The new eHealth Monitor measures Germany’s progress on its journey toward digital healthcare

By Laura Richter and Tobias Silberzahn, McKinsey & Company

In the past years, German politicians have put digitization of the nation’s healthcare system at the top of their agendas. During this journey, one question has come up repeatedly: How much progress has been made since the Bertelsmann Foundation ranked Germany 16th out of the 17 health systems assessed in its Digital Health Index in 2018? To generate a shared basis for discussion, an objective overview of the current situation was needed.

That overview has now been created with the new eHealth Monitor. Using 30 indicators, the Monitor allows for the exploration of digital technological maturity and infrastructure in German healthcare facilities; a review of the services and products available from providers, pharmacies, and health insurers; analysis on patients’ willingness to engage with digital health services; and evaluation of e-health-related benefits and evidence of those benefits as reflected in the latest published research. Furthermore, the eHealth app barometer measures the success of health apps based on total downloads.

Indicators are supplemented by exciting perspectives from guest contributors, which include the German Ministry of Health, the Federal Association of Managed Care (BMC), the Bertelsmann Foundation, and CEOs from three health technology companies. Also included: The patient voice and the physician perspective.

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Legislative agenda

Over the past two years, Germany has made considerable headway in building the “foundation” for digitization via its legislative agenda. Particularly where the creation of regulated market access for digital health applications (DiGAs) is concerned, Germany is taking the lead internationally. It now needs to maintain the speed of the transformation process. Furthermore, it needs to catch up with those countries that have already finished creating a foundation for digital healthcare and that are now hard at work creating measurable benefits for patients, healthcare professionals, and other stakeholders.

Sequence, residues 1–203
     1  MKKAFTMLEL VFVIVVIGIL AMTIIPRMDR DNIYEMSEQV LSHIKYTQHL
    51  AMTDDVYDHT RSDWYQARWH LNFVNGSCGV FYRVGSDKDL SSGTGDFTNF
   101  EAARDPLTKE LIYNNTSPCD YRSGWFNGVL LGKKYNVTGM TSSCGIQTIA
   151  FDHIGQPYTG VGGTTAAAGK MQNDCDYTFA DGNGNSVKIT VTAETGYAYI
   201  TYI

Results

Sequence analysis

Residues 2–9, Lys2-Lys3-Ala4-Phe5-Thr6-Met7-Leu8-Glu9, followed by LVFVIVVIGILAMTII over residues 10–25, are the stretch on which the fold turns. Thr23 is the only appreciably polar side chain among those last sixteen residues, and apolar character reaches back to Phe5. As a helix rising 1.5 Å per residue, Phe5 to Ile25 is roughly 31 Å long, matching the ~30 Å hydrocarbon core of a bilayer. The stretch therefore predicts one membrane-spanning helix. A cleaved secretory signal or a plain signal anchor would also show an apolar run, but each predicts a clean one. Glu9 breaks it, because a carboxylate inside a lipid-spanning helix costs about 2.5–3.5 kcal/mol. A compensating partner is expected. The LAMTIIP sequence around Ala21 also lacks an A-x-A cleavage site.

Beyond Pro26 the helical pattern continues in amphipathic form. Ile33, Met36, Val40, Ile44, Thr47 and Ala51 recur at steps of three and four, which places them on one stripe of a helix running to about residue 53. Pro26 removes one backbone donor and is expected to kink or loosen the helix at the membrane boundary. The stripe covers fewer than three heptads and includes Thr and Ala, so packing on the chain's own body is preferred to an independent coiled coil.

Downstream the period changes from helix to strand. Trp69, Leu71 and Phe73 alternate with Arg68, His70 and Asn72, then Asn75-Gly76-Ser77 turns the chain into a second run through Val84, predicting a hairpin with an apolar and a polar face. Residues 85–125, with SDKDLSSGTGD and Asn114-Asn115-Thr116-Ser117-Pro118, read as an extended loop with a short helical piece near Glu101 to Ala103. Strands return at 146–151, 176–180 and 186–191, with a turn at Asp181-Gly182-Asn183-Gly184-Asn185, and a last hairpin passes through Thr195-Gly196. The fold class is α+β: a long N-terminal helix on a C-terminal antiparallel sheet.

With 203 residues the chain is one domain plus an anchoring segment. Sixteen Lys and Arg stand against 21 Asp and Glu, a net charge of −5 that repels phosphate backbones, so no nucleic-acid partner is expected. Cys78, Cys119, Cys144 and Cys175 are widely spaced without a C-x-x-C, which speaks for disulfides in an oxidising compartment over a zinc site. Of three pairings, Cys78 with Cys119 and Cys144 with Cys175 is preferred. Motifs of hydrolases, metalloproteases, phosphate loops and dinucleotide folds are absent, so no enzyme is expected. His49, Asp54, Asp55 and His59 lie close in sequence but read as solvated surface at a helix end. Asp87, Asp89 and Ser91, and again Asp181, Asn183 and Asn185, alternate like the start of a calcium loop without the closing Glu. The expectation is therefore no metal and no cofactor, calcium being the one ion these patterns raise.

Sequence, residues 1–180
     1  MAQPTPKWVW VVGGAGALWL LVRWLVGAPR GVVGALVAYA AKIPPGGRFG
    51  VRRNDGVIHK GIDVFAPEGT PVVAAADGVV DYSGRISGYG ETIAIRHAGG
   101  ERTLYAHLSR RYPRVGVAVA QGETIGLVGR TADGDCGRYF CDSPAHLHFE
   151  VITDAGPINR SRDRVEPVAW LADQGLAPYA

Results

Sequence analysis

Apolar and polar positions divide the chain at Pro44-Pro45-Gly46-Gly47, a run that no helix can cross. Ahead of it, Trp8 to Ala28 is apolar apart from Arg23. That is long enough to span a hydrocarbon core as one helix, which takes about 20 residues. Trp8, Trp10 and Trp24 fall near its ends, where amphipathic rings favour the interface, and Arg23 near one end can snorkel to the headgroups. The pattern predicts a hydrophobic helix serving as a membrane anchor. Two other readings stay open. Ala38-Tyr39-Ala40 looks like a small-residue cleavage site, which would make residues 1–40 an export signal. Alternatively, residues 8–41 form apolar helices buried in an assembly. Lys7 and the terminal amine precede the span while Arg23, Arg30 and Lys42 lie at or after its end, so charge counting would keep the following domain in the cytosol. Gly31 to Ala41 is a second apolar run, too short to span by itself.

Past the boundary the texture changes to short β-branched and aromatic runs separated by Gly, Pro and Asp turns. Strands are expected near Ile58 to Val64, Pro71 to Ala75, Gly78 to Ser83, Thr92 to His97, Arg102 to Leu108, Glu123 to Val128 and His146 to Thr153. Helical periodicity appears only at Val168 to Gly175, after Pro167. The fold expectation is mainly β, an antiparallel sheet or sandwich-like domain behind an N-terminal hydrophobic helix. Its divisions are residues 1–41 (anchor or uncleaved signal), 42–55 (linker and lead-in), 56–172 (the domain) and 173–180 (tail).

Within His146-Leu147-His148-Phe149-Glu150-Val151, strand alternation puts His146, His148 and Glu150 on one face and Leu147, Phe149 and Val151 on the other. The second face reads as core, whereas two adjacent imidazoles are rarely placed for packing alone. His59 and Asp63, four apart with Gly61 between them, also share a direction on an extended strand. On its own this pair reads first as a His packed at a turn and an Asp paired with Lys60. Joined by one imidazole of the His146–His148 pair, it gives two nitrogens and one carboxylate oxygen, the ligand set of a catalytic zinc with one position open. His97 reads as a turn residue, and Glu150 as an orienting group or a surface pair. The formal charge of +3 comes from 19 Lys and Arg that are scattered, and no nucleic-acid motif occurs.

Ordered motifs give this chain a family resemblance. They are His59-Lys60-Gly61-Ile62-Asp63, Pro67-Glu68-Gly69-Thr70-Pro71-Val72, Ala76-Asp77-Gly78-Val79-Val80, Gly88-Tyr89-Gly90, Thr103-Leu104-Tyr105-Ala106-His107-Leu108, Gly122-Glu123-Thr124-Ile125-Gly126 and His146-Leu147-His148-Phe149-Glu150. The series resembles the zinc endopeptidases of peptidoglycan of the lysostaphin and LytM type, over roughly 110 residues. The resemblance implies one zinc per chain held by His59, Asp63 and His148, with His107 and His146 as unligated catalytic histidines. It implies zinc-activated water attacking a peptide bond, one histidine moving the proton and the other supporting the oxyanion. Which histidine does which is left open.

Key insights

In recent years, Germany has progressed on the foundational elements of healthcare digitization: Progress was achieved in the areas of electronic health records, e-prescriptions, and DiGAs. Yet there are still many areas where digitization needs to be accelerated as quickly as possible: Many medical facilities are still operating in an “analog world”.

In 2019, for example, 93 percent of doctors still relied on paper-based means for communicating with hospitals. Options for ordering prescriptions via a website or for viewing documents online were available in just 15 percent of outpatient practices, and 59 percent of physicians offered their patients no digital services whatsoever[1].

In contrast, patients are very open to digital solutions: One in three respondents of an online survey said that they already schedule doctor’s visits online, and two out of three Germans welcome the introduction of electronic health records and e-prescriptions ─ and this also held true for over 60 percent of respondents in the generation of individuals aged 65-years and higher[2].

In the context of the COVID-19 pandemic, progress has been made in telemedicine service offers over the past 2 years: A survey of physicians conducted in the spring of 2020 showed that 52 percent of all outpatient doctors offered video consultations. That figure was just 2 percent at the end of 2017[3].

Evidence of benefits

The eHealth Monitor also delivers fresh insights on the benefits of e-health solutions in Germany. An analysis based on the PubMed search engine shows that from 2000 to 2020, 158 articles were published on e-health solutions for Germany.

More than 80 percent of German medical research publications have confirmed positive benefits from e-health solutions, and these effects are most noticeable in improvements to patients’ health (found in nearly 80 percent of the studies analyzed), and in the form of greater cost efficiency and time savings[4].

Of course, due to Germany’s new approval and reimbursement process for DiGAs, the number of published articles is likely to increase in the future, as e-health service providers are now required to scientifically prove the benefits of their solutions. More evidence is crucial and will be a success factor in the further implementation of e-health solutions.

[1] “KBV Praxisbarometer 2019”:
[2] Bitkom research (2020), “Digital Health”:
[3] “Ärzte im Zukunftsmarkt Gesundheit 2020”:
[4] McKinsey analysis based on PubMed searches